FOURTH YEAR SCHOOL GRADES FOR 5 YEAR-OLD GROUP Age 5 Group EDU MT 4. FOURTH YEAR SCHOOL GRADES FOR 5 YEAR-OLD GROUP Age 5 Group EDU MT 4. 30 2. 53 3. 14 3. 22 Environ. Training 3. 83 2. 48 2. 00 2. 61 (2, 80) (1, 80) 4. 05 2. 50 2. 31 6. 19*** 4. 28* MT 4. 70 3. 40 3. 86 3. 91 Environ. Training NMT 3. 92 3. 04 3. 32 3. 33 (2, 80) (1, 80) Total 4. 27 3. 18 3. 46 14. 14**** 2. 82 C MT 13. 50 8. 87 10. 66 Environ. Training NMT 10. 75 8. 35 8. 87 (2, 80) (1, 80) Total GPA Total Math HOME NMT Turkish CUST F-values 12. 00 8. 50 8. 86 7. 8*** 4. 50* *p<. 05, ** p<. 01, *** p<. 005, ****p<. 0005 (C : p between. 05 and. 10) Grades in each course range from 1 (lowest) to 5 (highest). Report cards were checked in the homes. Overall in 29% of the cases the report card could not be found. The highest rate of missing data is in the NMT 5 -year-olds (35%) and the lowest rate is in the MT 5 -year-olds (20%). Both age groups had the same proportion of report cards available (72. 5%)

FIRST FOLLOW-UP STUDY OF TEEP 1992 - ADOLESCENTS (13 -15 years of age) Kağıtçıbaşı, FIRST FOLLOW-UP STUDY OF TEEP 1992 - ADOLESCENTS (13 -15 years of age) Kağıtçıbaşı, Sunar, Bekman(2001), Applied Developmental Psychology, 22, 333 -361

MEAN SCORES PRIMARY SCHOOL GPA’S t= 3. 08, p<. 002, t= 3. 01, p<. MEAN SCORES PRIMARY SCHOOL GPA’S t= 3. 08, p<. 002, t= 3. 01, p<. 003, t=2. 82, p<. 005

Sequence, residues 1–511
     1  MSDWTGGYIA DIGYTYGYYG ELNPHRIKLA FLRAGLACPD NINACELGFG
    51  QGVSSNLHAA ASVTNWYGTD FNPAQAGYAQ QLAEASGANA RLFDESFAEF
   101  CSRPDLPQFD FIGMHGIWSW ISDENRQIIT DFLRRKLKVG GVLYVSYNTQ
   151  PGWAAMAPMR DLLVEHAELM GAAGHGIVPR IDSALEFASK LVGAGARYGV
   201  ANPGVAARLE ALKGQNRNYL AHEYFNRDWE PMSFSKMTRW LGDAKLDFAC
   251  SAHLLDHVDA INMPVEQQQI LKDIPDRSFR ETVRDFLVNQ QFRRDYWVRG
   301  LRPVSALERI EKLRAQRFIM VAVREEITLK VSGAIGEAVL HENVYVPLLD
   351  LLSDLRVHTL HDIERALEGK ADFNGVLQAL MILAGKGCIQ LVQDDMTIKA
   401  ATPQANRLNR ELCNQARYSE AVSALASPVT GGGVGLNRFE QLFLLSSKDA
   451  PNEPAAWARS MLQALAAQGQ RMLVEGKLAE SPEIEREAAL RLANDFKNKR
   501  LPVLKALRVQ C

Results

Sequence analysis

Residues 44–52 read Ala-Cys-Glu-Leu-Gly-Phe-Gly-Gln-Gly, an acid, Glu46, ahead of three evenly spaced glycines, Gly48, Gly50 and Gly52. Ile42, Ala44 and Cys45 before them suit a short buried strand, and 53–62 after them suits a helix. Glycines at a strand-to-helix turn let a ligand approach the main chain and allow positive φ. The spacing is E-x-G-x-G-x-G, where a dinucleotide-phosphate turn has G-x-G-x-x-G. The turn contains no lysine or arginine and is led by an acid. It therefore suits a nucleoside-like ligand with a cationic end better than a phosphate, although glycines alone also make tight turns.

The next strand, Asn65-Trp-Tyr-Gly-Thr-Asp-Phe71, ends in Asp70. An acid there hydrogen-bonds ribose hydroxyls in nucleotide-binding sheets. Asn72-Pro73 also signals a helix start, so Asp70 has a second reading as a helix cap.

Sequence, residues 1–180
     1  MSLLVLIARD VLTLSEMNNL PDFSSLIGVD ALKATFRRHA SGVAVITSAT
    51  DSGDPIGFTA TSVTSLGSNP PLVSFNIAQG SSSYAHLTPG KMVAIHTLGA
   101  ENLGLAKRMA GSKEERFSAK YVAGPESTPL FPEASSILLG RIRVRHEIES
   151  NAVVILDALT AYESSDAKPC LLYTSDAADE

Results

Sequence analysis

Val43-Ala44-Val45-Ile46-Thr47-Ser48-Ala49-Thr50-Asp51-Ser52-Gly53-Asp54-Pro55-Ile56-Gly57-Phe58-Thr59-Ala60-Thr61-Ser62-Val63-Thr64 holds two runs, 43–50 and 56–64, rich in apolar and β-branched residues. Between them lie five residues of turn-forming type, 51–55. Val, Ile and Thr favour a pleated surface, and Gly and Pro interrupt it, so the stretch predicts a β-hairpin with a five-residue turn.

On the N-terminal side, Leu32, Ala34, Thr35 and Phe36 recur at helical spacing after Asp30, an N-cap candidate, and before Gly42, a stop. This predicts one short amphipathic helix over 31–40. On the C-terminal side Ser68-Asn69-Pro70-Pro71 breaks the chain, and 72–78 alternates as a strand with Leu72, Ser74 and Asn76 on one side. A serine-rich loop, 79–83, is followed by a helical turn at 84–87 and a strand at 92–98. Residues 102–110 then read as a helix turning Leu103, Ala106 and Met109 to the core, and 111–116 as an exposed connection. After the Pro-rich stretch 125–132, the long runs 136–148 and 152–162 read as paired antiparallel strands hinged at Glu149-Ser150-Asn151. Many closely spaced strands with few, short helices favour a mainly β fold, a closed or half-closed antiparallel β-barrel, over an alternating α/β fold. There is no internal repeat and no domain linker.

MEAN SCORES STANDARDIZED WISC-R VOCABULARY SCORES F (2, 216) = 2. 16, p<. 032 MEAN SCORES STANDARDIZED WISC-R VOCABULARY SCORES F (2, 216) = 2. 16, p<. 032

PERCENTOF YES RESPONSES IS ADOLESCENT STILL IN SCHOOL? %86 X 2= 9. 57 P<. PERCENTOF YES RESPONSES IS ADOLESCENT STILL IN SCHOOL? %86 X 2= 9. 57 P<. 002 %67

MOTHER CHILD EDUCATION PROGRAM TARGET MOTHERS WITH 5 YEAR OLD CHILDREN DURATION 25 WEEKS MOTHER CHILD EDUCATION PROGRAM TARGET MOTHERS WITH 5 YEAR OLD CHILDREN DURATION 25 WEEKS FORM GROUP DISCUSSIONS By 2013, 700. 000 women + children reached. Extensions to Europe (Belgium, the Netherlands, Germany) and to Arab countries (Bahrain, Jordan, Saudi Arabia) TV adaptation on national and international Turkish Public Television

COMPONENTS OF THE PROGRAM MOTHER ENRICHMENT PROGRAM: To sensitize mothers on subjects like child COMPONENTS OF THE PROGRAM MOTHER ENRICHMENT PROGRAM: To sensitize mothers on subjects like child development, health, nutrition, care and also creative play activities, discipline, mother child interaction, communication, expressing feelings and needs of the mothers. REPRODUCTIVE HEALTH AND FAMILY PLANNING: To sensitize mothers on issues like reproductive health of women, healthy and risky pregnancies, functions of reproductive health. COGNITIVE TRAINING PROGRAM: To foster the child’s cognitive and social development through activities related with eye-hand coordination, verbal development, preliteracy and prenumeracy skills, problem solving skills.

SECOND FOLLOW-UP STUDY OF TEEP 2004 - YOUNG ADULTS (25 -27 years of age) SECOND FOLLOW-UP STUDY OF TEEP 2004 - YOUNG ADULTS (25 -27 years of age) (Kagitcibasi, C. , Sunar, D. , Bekman, S. , Baydar, N. & Cemalcilar, Z. , Applied Developmental Psychology, doi: 10. 1016/j. a, 2009)

Design of the Study Number of subjects in each group Educational day care Mother Design of the Study Number of subjects in each group Educational day care Mother training 13 (24) No mother training 21 (31) Unknown Total 1 st follow-up in parentheses 34 (55) Custodial day care 21 (37) 29 (50) Home care 13 (22) 35 (53) Total 47 (83) 85 (134) 50 (87) 1 49 (75) 1 133 (217)

School attainment of those who either had attended an educational child care center and/or School attainment of those who either had attended an educational child care center and/or their mothers had training (I) and those who had no early intervention (NI) School attainment 12 11. 21 11 10. 26 10 9 8 I [ANCOVA F(1, 127) =3. 218, p=. 07 ] NI